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Thanks for joining us for the last installment of Heath enlightening all of us about teacher loan forgiveness options. This entire three part series started because of my blog post about my experience with loan forgiveness. Then Heath wrote Part 1 and Part 2. Make sure to check them all out to get the most information you can! (And potentially save yourself some money in the process!!)
Hello, Heath from Student Loan Insider again. So far we’ve covered both Public Service and Teacher Loan Forgiveness programs. However as it doesn’t make sense to do both, which do you choose?
Honestly, there are 3 things that will affect your decision on which to choose.
Your loan to forgiveness ratio. How much your forgiveness is for your Teacher Loan Forgiveness versus your overall loan amount can sometimes make your decision a no brainer. Here are 3 examples:
- If your account is A LOT more than your TLF forgiveness amount. If you have $60,000 in debt, it would make more sense to go for complete forgiveness after 120 payments than $5,000 after 5 years, right?
- If your loan debt is less than your TLF forgiveness amount. If you can get it taken care of in 5 years, why wait 10? If your interest and principal combined are less than your forgiveness at the end of five years, go with the Teacher Loan Forgiveness.
- Your loan can be paid off in 10 years or less. While basing your payment can save you some money and stretch it to say 11 or 12 years, it probably makes more sense to just do the five years of forgiveness and then take care of it. I mean you don’t want to keep it around like a pet if you don’t have to right?
Your marital status. This is the thing that can really make the decision hard. Because as we may recall, if you file Married Filing Jointly you must include you and your spouse’s income in determining your payment. While you can have it based on just yours if you file Married Filing Separately, there are a lot of tax benefits you miss out on while doing so and it may not make sense.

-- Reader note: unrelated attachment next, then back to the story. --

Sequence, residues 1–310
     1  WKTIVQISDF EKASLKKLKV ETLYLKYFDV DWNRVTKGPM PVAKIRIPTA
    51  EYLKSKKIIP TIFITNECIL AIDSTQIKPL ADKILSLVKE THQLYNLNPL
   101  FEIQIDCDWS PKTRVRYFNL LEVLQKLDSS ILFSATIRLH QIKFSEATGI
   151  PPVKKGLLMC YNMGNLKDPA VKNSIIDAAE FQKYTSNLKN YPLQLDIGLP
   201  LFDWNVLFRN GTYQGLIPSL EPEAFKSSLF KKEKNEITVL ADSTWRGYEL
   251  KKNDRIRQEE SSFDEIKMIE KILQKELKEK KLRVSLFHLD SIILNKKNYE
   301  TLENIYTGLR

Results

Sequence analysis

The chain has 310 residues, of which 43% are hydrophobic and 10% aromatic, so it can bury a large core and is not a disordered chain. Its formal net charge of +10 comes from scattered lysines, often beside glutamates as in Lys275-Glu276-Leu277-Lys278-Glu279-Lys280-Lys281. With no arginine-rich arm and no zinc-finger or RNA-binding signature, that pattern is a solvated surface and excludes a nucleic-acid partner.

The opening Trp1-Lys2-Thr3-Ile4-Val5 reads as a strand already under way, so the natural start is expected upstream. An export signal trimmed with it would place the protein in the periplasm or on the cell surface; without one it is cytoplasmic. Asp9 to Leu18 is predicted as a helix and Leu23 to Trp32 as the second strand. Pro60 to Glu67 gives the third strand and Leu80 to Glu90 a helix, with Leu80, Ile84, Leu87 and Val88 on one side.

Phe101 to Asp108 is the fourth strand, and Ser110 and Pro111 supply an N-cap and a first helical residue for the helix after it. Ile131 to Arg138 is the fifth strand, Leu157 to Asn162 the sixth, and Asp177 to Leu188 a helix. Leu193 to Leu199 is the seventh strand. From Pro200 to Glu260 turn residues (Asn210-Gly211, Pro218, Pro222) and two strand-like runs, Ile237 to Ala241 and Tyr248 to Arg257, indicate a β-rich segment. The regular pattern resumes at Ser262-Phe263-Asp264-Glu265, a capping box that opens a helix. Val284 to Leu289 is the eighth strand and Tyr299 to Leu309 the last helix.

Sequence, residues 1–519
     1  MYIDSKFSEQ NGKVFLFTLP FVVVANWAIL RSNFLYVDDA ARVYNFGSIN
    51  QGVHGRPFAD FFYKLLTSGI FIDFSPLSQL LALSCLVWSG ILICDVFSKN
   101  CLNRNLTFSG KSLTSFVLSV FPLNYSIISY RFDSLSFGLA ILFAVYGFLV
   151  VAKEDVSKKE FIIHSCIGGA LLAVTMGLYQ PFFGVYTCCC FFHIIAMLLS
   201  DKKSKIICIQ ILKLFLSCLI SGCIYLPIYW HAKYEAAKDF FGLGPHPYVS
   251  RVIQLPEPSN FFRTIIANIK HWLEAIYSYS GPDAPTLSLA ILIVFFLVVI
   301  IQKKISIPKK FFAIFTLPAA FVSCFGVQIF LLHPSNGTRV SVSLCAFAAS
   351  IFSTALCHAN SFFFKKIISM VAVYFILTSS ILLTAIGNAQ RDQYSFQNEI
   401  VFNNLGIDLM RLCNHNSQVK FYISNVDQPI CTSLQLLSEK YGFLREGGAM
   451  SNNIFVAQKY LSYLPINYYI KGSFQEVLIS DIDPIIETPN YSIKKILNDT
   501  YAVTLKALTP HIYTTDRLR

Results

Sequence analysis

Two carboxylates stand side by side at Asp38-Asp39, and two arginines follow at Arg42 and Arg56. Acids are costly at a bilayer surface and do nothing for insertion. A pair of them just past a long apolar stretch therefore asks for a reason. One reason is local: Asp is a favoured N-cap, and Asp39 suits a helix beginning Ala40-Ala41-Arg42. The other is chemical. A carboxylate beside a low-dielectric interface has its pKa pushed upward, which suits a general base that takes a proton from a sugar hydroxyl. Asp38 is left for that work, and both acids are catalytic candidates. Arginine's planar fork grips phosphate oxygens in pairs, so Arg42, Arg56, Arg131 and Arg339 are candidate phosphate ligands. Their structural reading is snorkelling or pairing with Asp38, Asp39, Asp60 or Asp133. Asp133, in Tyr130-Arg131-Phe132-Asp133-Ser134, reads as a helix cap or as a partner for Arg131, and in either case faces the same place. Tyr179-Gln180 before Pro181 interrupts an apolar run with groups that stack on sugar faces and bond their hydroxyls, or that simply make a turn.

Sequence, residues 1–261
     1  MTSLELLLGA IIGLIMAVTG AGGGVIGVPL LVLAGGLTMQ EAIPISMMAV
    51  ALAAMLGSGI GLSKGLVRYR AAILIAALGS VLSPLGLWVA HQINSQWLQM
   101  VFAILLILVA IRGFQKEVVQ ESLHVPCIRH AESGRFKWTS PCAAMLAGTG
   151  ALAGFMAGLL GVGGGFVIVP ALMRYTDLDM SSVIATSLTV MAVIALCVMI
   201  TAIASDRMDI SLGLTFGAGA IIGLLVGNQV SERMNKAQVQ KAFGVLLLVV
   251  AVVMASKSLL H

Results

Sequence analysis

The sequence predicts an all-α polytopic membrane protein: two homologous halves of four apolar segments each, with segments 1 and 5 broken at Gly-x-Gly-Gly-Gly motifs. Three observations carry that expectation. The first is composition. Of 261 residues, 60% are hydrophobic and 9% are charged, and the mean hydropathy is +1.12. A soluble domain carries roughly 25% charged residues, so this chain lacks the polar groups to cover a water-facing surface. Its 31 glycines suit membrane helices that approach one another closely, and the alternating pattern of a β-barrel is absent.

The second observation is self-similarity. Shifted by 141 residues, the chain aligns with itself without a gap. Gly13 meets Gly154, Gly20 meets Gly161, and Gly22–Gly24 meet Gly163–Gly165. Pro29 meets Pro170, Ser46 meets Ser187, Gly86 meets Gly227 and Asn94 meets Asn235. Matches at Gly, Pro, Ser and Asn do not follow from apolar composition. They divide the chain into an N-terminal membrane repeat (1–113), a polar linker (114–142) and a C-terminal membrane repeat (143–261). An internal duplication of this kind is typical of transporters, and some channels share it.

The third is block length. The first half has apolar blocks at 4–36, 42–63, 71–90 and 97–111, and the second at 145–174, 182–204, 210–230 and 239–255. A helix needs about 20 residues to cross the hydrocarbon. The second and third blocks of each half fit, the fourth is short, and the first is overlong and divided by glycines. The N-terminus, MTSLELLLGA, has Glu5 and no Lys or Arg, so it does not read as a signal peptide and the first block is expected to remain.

So if you enter into this then meet Mr. or Ms. Right and they make a lot of money, your payment can change by a lot. There are worse problems to have but it may make PSLF no longer make sense.
Your career aspirations. Or perhaps you will be the one bringing in the money. What if you go from a teaching job to an administrative one with a 20k pay raise. This will not only severely change your payment amount (or make you ineligible possibly) but would make you ineligible for TLF because you are no longer a classroom teacher.
However don’t let this deter you. A $20,000 raise with no change in lifestyle is better for you in one year than either forgiveness program. So go for that job and love it, just beware of the consequences.
You may also want to move closer to home. If this new job is not a Title I school, you will no longer be eligible for TLF. So this would be a case where PSLF is the way to go.
So what should you do? Well if your situation isn’t obvious, then I have a couple of suggestions for you.
First off, set up your loan like you doing Public Service Loan Forgiveness. You can still go back and apply for TLF later if it doesn’t work. So get on an income plan and act like you are going to 120 qualifying payments. If it works out great. If something changes, then you have something to fall back on.
But remember that life does change. You don’t want handcuffed to your job in either situation just because you decided you need forgiveness. So if you are able to save some money and make payments to yourself as if you are paying for your loans, I would suggest you do this. What this allows you to do is have the freedom to pursue other opportunities and still be able to pay your loans. You can earn this money through extra jobs such as tutoring. It’s a bit of a rogue way of looking at it, but it will certainly give you some freedom. Also if you do achieve forgiveness, now you have a huge funds to do whatever else you want with! While I realize this is easier to do for say $30k in debt vs $70k, it is a plan to consider if feasible.
So it appears we have reached the end of our student loan journey together. If you have any other questions, we can talk about them in the comments. I really appreciate Heather giving me a chance to give you some tips on common student loan assistance programs and hope it has been helping to you too.
Again it has been my pleasure to assist each and every one of you. I hope if you have not already, you take advantage of my free guide. If you need anything else ever you can contact me, leave a note in the comments, or let Heather know if there is another pressing issue I can be of assistance with. Have a great day and here is to student loan success!